Latinos For Texas Blog


U.S Citizenship Drive with Rep. Eddie Rodriguez

Filed under: — site admin @ 1:17 pm

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LFT’s friendly State Rep. Eddie Rodriguez sums it up: “Immigrants are an integral part of the American community and there is no better way to demonstrate our community’s patriotism and commitment to this country than by becoming full participants in its democracy.”

Help democracy won’t you? Signup for a reminder:

Full Press Release:

Rep. Eddie Rodriguez host U.S. Citizenship Drive in Austin

Saturday, January 27th, 2007 starting at 8:00 am at the LBJ School of Public Affairs

Austin, TX– State Representative Eddie Rodriguez in collaboration with the University Leadership Initiative, will conduct a U.S. Citizenship Drive on Saturday, January 27th, 2007 starting at 8:00am at the LBJ School of Public Affairs located 2315 Red River Street, (inside the Sid Richardson building). The goal of the workshop is to assist eligible legal permanent residents apply for U.S. citizenship.

Last spring, millions of immigrants and their supporters marched in cities throughout the United States in support of comprehensive immigration reform. The unprecedented levels of participation has motivated thousand of individuals to seek other avenues to continue their civic engagement, including more direct democratic actions such as voting, which requires legal permanent residents to first become naturalized citizens.

“The message is loud and clear: Immigrants are an integral part of the American community and there is no better way to demonstrate our community’s patriotism and commitment to this country than by becoming full participants in its democracy,” said State Representative Eddie Rodriguez. “U.S. citizenship and voting are clearly the next steps.”

Approximately four out of ten Latino adults living in the U.S. are not citizens, of which 5 million are eligible for naturalization. In Texas, there are approximately 800,000 Latinos potentially eligible to become U.S. Citizens. Research demonstrates that Latino naturalized citizens, are voting at higher rates than native born Latinos in many states.

Eligible applicants for U.S. citizenship are encouraged to arrive early, as the first 300 legal permanent residents who arrive and meet the requirements to solicit citizenship will be ensured assistance. To apply, applicants must be:

* At least 18 years old;
* A legal permanent resident for at least five years (3-Years if married to U.S. Citizen);
* Able to read, write, speak, and understand basic English, and have basic knowledge of U.S. history and government.

In addition, the Bureau of Citizenship and Immigration Services requires citizenship applicants to submit a $400 money order along with the application. Applicants are strongly encouraged to bring a money order and complete the full application process on the day of the workshop.

For more information, call 441-8123 ext 101 or 113.

Cuellar proposal is an $850 million fiasco in the making

Filed under: — SoniaS @ 12:19 pm

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(tips to South Texas Chisme for the story)

McAllen Monitor Editorial 1/25/07

U.S. Rep. Henry Cuellar, D-Laredo, the Rio Grande Valley’s newest congressional representative — whose district was redrawn to take over the portion of the Valley previously represented by Rep. Lloyd Doggett, D-Austin — last week introduced a bill calling for the United States to provide up to $850 million over the next five years to help train Mexican law enforcement and military personnel to better combat rising drug-related violence just across the border.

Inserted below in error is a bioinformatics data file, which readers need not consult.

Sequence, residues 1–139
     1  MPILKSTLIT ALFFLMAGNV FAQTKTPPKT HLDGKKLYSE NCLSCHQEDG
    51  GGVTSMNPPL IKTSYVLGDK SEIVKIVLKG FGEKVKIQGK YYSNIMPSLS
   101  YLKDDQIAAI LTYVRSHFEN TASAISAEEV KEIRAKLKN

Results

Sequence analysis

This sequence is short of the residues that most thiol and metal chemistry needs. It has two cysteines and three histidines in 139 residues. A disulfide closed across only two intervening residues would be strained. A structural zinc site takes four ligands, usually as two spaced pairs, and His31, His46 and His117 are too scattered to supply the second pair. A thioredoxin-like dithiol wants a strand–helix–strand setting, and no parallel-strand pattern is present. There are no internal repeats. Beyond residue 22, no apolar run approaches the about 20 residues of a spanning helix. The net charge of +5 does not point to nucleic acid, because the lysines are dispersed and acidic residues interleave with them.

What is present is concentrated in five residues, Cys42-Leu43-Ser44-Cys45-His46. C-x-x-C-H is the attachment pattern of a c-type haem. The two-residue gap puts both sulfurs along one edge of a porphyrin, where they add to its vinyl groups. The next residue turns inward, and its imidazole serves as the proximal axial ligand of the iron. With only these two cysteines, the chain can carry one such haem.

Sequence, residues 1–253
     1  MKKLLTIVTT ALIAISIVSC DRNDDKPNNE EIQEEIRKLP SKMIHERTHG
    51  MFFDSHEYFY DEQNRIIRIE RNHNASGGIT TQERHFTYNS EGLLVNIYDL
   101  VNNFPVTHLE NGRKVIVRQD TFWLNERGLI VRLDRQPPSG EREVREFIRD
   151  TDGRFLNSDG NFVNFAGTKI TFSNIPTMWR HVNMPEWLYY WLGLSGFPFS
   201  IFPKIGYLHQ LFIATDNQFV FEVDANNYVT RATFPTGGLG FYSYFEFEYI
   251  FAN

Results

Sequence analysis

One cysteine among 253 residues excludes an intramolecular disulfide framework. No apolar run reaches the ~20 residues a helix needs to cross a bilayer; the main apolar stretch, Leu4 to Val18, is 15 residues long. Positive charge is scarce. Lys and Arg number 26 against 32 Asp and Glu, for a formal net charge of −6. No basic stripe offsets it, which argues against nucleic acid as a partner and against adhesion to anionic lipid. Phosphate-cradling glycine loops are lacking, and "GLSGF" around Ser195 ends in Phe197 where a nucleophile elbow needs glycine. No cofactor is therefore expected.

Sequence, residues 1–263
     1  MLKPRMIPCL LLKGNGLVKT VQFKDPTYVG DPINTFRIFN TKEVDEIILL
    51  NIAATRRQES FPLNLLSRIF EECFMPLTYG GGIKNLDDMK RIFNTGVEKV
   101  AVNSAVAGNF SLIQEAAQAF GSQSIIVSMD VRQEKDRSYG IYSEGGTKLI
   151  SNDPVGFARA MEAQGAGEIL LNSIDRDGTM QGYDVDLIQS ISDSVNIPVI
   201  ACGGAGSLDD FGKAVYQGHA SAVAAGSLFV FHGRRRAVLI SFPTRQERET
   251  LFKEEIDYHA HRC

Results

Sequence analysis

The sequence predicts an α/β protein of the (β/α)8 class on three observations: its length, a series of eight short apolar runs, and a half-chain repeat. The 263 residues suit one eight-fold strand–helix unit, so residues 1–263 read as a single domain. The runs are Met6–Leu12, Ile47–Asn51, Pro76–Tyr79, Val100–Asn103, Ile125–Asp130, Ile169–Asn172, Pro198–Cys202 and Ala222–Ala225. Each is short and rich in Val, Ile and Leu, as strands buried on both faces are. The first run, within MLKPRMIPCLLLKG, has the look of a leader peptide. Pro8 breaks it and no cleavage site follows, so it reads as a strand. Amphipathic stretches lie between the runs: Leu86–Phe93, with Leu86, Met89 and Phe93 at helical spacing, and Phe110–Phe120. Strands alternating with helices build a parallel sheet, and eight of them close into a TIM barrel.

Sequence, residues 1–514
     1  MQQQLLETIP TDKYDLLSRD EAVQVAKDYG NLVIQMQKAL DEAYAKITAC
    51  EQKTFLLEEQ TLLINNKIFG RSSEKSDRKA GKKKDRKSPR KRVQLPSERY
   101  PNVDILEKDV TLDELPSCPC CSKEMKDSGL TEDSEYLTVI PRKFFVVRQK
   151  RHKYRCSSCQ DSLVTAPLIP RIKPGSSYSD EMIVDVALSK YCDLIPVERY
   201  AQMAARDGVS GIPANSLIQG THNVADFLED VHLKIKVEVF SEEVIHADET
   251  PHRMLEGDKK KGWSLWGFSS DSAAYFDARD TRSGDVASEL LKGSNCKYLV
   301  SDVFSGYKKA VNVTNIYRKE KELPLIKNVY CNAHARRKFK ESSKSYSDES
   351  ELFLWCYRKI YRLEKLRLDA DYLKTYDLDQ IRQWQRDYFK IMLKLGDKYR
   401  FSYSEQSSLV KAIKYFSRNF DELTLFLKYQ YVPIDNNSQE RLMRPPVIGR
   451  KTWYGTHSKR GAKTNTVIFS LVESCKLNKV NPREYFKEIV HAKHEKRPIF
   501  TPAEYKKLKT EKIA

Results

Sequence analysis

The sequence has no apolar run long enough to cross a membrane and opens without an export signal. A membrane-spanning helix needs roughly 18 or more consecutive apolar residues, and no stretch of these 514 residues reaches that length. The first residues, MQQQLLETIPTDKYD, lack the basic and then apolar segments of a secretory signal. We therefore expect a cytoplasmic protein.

On the surface, this all sounds pretty good. Maybe that’s why Cuellar’s bill has picked up the sycophantic support of other South Texas congressmen, including U.S. Reps. Rubén Hinojosa, D-Mercedes; Solomon Ortiz, D-Corpus Christi; Ciro Rodriguez, D-San Antonio; and Silvestre Reyes, D-El Paso.

Hidalgo County Sheriff Lupe Treviño, however, is not prepared to say “amen” and join the chorus of support for Cuellar’s bill.

Treviño, in fact, told The Monitor he considers the proposed legislation “ludicrous.”

Cuellar is not talking about using $850 million dollars to have skilled U.S. law enforcement agencies or military units train their Mexican brethren. That might make some sense and would give the United States at least some control over how the money is actually spent.

What Cuellar is proposing is that we simply hand over to the Mexican government $170 million for each of the next five years and trust that it will all be spent for its intended purpose.

I believe in nation building as a foreign policy. It certainly makes more sense than nation destroying, which is what I think the current administration’s policy really is. In fact if we were to spend just one week’s expenditures of what we are spending in Iraq (2 billion a week) in Mexico, we would start down the right path of building a stronger relationship with our sister border country to the south. But you can imagine the wailing that would also ensue from the extreme right wing about sending money into Mexico. They would just rather isolate themselves within a 700 mile wall. That proposed wall coincidentally would also cost about $2.2 billion. Spending a couple of billion in Mexico as nation building would start to correct the major threat that most Americans see, which is illegal immigration. Our current foreign policy creates a whole lot of jobs in Asia and I just think we should start a policy of trade that would favor companies that establish their factories in Mexico. Spurring the Mexican economy would create jobs there and slow the flow of illegal immigration and at the same time provide Mexicans with more disposal income to spend on US goods and services.

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